I am not asserting that it would
    simply be rejected.
  • 21:05 - 21:09
    However, the matter is no longer
    simply about reading something
  • 21:09 - 21:15
    in Tabari’s or Ibn Kathir’s or
    Ibn Asir’s or Ibn Khaldun’s writings.
  • 21:15 - 21:17
    That is no longer the case…
  • 21:17 - 21:21
    In the first two portions of history,
    there is no problem.
  • 21:21 - 21:24
    In this, I am trying to answer the
    question
  • 21:24 - 21:27
    tackled by Maulana Syed Abul
    Alaa Maududi,
  • 21:27 - 21:29
    when objections were raised
    about his book Khilafat-o-Muluukiyat.
  • 21:29 - 21:32
    It is the same topic and that is
    why I referenced Maulana Maududi.
  • 21:32 - 21:34
    As objections were raised,
    Maulana retorted:
  • 21:34 - 21:37
    Are you insisting that I should explicate
  • 21:37 - 21:39
    the chains of narration of historical
    events
  • 21:39 - 21:42
    and start evaluating the biographies
    of the narrators?
  • 21:42 - 21:46
    These activities are necessary for the
    words and
  • 21:46 - 21:47
    deeds attributed to the Prophet (pbuh).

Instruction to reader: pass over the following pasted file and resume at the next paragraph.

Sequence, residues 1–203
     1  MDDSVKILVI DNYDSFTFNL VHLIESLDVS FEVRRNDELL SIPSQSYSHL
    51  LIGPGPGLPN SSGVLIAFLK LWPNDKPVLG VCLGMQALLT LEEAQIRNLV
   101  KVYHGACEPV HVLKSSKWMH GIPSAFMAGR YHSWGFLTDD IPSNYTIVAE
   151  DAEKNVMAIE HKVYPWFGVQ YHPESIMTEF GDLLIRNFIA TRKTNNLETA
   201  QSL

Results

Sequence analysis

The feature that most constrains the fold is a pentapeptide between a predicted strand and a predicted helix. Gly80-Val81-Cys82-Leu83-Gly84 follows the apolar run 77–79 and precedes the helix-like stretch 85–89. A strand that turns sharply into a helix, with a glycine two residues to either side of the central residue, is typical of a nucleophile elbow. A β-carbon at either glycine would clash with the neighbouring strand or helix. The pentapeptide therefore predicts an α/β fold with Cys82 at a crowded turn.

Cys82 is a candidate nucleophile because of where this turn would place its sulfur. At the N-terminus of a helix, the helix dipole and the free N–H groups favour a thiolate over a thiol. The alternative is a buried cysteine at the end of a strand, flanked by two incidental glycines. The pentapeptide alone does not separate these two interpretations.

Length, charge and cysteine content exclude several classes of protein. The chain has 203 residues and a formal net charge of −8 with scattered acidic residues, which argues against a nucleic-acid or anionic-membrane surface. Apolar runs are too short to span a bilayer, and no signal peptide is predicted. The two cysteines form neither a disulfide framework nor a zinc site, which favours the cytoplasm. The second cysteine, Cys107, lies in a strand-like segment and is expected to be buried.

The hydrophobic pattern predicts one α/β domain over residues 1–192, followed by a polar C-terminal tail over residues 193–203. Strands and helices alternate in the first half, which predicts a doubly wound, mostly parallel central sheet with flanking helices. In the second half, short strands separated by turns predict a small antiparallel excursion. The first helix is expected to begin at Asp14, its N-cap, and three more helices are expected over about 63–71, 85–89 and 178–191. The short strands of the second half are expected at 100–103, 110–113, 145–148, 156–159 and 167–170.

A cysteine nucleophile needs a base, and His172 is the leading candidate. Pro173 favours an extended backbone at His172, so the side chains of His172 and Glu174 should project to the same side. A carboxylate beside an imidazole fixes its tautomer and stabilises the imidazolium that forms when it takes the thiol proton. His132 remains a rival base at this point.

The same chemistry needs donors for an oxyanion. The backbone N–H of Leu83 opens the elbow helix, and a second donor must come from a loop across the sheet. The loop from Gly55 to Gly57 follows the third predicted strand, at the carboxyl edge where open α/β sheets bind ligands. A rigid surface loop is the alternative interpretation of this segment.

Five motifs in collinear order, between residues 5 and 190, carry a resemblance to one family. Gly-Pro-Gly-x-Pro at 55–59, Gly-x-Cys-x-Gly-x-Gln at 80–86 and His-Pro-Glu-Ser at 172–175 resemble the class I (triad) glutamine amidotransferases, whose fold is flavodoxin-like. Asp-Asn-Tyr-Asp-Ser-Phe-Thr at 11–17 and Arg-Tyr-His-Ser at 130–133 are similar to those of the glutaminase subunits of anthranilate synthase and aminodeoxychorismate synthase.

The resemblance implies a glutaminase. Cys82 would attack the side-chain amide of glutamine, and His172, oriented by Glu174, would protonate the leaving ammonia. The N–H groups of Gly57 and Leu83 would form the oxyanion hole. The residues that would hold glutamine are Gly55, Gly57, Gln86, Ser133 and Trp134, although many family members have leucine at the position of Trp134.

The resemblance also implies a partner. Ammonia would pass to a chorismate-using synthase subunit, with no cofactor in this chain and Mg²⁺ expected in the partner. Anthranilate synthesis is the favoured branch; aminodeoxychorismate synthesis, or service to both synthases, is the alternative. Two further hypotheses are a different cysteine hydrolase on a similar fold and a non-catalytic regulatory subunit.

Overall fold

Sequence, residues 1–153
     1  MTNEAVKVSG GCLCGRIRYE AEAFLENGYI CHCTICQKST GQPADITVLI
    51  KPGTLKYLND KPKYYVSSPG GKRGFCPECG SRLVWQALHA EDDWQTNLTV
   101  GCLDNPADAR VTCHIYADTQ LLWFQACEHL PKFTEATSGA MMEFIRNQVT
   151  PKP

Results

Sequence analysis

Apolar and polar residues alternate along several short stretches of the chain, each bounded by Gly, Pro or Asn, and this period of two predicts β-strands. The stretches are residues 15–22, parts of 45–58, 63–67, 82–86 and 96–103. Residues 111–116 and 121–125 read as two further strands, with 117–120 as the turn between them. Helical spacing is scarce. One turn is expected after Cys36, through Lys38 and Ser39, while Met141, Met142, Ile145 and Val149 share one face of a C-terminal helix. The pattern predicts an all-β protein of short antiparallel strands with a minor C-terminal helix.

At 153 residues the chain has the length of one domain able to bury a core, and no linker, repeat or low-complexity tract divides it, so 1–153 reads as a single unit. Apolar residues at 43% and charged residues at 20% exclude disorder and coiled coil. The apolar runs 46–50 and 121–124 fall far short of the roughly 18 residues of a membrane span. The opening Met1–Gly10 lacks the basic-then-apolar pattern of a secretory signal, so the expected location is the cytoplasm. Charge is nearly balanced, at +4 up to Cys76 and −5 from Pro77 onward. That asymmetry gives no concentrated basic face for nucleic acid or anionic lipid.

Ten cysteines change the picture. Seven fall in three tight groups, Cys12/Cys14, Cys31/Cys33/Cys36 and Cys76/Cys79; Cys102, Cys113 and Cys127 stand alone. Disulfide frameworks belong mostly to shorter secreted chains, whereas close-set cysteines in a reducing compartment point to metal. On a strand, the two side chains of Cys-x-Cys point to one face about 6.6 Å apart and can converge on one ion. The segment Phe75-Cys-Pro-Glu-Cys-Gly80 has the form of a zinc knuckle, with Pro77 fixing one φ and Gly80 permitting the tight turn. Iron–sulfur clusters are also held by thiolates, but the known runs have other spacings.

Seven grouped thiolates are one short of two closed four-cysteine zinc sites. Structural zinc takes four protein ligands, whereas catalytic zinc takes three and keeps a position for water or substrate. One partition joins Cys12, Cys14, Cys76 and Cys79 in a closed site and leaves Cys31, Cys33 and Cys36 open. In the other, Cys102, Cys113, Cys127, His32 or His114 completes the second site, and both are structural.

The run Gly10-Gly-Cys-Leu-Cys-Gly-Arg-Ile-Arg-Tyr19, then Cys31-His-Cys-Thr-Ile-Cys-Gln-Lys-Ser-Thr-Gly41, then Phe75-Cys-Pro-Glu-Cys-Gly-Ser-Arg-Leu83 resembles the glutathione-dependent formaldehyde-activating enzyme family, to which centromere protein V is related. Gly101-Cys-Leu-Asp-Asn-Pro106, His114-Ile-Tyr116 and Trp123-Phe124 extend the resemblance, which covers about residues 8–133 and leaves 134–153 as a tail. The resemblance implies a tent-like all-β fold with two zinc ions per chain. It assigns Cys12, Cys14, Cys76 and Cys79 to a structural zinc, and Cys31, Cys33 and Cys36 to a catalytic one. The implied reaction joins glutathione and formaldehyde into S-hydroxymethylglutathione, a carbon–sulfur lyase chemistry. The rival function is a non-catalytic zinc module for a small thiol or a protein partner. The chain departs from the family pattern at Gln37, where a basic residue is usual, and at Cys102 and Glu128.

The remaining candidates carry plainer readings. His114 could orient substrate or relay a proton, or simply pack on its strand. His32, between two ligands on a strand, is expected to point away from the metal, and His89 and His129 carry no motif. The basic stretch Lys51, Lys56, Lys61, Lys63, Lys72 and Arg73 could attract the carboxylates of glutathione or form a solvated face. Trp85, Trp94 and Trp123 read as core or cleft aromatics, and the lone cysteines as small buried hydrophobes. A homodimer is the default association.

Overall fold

• 21:47 - 21:49
    However, it is not necessary for history.
  • 21:49 - 21:52
    Otherwise, history as a branch of
    knowledge would cease to exist.
  • 21:52 - 21:54
    And which nation is there in history
    that would make sure that
  • 21:54 - 21:56
    the proper chains of narration are there
    in case of history?
  • 21:56 - 21:58
    In my opinion, Maududi’s point is
    totally correct…
  • 21:58 - 22:00
    but about the first and the second
    portions.
  • 22:00 - 22:04
    However, this reasoning cannot hold
    for the third portion of history –
  • 22:04 - 22:06
    pertaining to the attribution of
    moral blame.
  • 22:06 - 22:10
    In this case, it is indispensable that
    whenever you encounter an accusation…
  • 22:10 - 22:12
    And the accusation might also pertain
    in the context of religion:
  • 22:12 - 22:14
    someone made an innovation
    in the religion,
  • 22:14 - 22:18
    someone tampered with the
    religion on some occasion,
  • 22:18 - 22:21
    someone adopted a misguided
    interpretation, etc.
  • 22:21 - 22:24
    All these are religious accusations…
    And what are the moral accusations?
  • 22:24 - 22:28
    For instance: he killed an innocent man;
    he oppressed someone;
  • 22:28 - 22:31
    he stole a certain object from
    the public treasury; etc.
  • 22:31 - 22:33
    All these are moral accusations…
  • 22:33 - 22:37
    Historical traditions have no
    status in these matters.
  • 22:38 - 22:41
    The historical material would have
    to pass through rigorous analysis.
  • 22:41 - 22:44
    Every single aspect of the report
    would be taken up and analyzed.
  • 22:44 - 22:45
    And what would the analysis
    constitute of?
  • 22:45 - 22:48
    First, the original narrators
    would be identified.
  • 22:48 - 22:52
    The point of time would be identified
    when the report first emerged: